Trade Secrets and the COVID-19 workplace

By: Christopher Cole | February 5, 2021

In the course of the pandemic, nearly every business – mine included – made changes to the manner in which they ordinarily conducted business, to meet the challenges of these extraordinary times. The principal challenge of 2020 may have been adapting to a workplace that no longer centered on an office headquarters, allowing all employees to work from home and making sure that each employee had the home-infrastructure in place to quickly adapt and contribute. Once the home office was set up, employers continued to drive employees to deliver opportunities, sales, results, and advice.

It should be no surprise, then, that over the past 10 months, I have received more emails and texts than ever before from existing clients and their employees from personal email addresses and personal cell phones, sometimes attaching sensitive correspondence and analyses for me to review. My job is first to be responsive to the issues posed by these communications. But it is worth mentioning that many of these communications may contravene best practices for maintaining the confidentiality and secrecy of important business matters and company policies concerning the protection of employer property and know-how.

As we head, in theory anyway, to widespread vaccination and back to some sort of new normal, employers should be reminded that business information is often valuable because it is secret, and it is secret and protectable only when the employer uses reasonable efforts to preserve its confidentiality. Almost every business relies on trade secrets, which, if properly preserved, can be protected in the courts should an employee depart with them.

Trade secrets are such things as a carefully curated customer list, pricing and margin information, a recipe, strategic plans for products and product replacement. State and federal trade secret laws define a trade secret as something that derives independent economic value from not being generally known to the public or readily ascertainable by legitimate means, and which is “the subject of efforts that are reasonable under the circumstances to maintain its secrecy.” To pursue the return of a trade secret from a departing employee, the employer will have to show proof that it used reasonable steps to protect that information. This includes, at a minimum, the imposition of a reasonable non-disclosure agreement with every employee handling sensitive information.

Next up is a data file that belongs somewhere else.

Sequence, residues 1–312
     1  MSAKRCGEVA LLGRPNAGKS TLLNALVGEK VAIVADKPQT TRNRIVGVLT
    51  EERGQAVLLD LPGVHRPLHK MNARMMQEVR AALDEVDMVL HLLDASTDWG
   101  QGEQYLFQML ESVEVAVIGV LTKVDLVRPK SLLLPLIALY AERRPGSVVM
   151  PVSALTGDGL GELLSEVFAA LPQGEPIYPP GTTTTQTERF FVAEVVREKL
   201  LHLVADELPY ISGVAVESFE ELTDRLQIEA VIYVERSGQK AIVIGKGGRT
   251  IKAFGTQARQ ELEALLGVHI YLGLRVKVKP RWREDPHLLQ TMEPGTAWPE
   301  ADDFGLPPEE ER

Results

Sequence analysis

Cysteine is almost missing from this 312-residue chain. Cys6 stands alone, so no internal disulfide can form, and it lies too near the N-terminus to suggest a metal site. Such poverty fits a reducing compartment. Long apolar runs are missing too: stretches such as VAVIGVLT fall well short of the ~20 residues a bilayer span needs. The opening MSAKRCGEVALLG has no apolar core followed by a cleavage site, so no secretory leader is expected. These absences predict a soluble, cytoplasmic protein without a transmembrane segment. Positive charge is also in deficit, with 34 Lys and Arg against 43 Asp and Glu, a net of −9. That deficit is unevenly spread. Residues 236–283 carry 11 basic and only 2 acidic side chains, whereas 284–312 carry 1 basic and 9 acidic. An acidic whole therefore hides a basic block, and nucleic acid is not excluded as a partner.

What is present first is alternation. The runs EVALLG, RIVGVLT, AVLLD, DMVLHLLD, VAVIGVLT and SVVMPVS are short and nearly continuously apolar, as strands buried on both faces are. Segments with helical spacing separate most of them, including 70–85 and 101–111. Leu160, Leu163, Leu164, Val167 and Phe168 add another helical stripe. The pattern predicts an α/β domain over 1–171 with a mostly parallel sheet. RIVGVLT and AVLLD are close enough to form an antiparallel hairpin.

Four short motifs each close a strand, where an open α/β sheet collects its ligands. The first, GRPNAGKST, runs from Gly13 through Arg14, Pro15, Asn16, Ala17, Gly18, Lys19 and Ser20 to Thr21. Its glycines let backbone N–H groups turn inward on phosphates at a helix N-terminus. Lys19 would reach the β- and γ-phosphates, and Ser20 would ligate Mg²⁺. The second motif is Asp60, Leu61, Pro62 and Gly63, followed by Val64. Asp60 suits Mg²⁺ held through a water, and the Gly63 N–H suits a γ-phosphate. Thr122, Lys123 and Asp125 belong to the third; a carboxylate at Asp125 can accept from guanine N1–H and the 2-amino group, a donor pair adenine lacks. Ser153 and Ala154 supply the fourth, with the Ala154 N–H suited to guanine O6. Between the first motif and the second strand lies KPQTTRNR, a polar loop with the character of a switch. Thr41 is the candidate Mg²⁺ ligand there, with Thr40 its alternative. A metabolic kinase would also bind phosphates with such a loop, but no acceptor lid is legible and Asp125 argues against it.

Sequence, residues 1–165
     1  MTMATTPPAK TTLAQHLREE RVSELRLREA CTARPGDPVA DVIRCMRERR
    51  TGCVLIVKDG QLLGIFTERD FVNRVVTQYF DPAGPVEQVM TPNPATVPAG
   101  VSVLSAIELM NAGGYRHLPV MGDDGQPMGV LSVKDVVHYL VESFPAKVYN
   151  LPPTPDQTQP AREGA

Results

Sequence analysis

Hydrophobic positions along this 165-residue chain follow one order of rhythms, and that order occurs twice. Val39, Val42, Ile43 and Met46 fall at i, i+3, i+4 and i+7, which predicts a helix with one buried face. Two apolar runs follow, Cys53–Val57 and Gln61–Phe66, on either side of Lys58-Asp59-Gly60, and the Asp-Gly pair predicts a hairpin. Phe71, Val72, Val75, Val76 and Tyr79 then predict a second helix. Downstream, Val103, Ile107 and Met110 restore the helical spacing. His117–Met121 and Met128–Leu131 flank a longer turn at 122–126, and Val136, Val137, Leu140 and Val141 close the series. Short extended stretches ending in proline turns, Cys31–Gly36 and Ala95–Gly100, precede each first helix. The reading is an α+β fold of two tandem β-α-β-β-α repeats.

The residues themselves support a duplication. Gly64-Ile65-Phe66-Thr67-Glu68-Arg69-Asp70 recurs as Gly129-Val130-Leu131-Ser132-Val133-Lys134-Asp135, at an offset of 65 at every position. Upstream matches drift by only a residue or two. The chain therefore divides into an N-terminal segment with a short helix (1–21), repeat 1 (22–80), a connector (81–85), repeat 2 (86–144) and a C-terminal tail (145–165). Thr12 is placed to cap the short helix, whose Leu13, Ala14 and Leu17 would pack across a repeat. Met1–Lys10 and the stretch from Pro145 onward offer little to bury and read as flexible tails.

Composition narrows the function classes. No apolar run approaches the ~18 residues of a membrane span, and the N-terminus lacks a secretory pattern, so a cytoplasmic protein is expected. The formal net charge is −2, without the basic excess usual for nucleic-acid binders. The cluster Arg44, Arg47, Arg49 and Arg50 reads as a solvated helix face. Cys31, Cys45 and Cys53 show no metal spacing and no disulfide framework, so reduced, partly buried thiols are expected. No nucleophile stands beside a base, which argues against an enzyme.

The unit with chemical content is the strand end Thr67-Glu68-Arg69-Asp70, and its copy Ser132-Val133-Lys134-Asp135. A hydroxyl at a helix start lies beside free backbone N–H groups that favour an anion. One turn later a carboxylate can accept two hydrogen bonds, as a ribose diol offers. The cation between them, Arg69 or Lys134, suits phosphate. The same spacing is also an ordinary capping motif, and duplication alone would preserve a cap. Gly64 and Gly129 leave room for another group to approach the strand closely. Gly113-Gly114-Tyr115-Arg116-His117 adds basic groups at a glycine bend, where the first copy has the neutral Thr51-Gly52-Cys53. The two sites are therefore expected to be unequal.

For the pandemic era at-home workforce, employers should take certain minimum steps to reinforce obligations of confidentiality. Here is a top five:

Message employees that, even though the environment has changed, they are handling company information and property and must act with care.

Limit (or continue to limit) access to company information and trade secrets to employees who really need it to do their jobs. Use and update passwords and password protections to access company networks, and limit access to specific networks and segments to “need to know” personnel, with authentication for every log-in to the network or segment.

Mandate that employees working at home have certain basic security in place, such as password protected WiFi, employer-approved anti-virus and anti-malware software. Employers should require that employees change the default passwords on their home routers, and use different passwords for home systems and data than they do for work-related access.

Use encryption for particularly sensitive information that is sent to groups and customers and prospects, signaling to the users and recipients that they are sending and receiving sensitive information.

Address exit practices realistically. If an employee leaves during the pandemic, employers must evaluate the departing employee’s recent work, recent access, and download activity. The traditional exit interview and the return of company information and property may be complicated by the fact that the “office” is in someone’s home.

Once the country moves beyond the pandemic, employees will again begin to move, looking for different and “better” jobs. Employers will need to be ready to ensure that valuable company property and information does not go with them.

This article was originally published in the Portsmouth Herald and can be found here.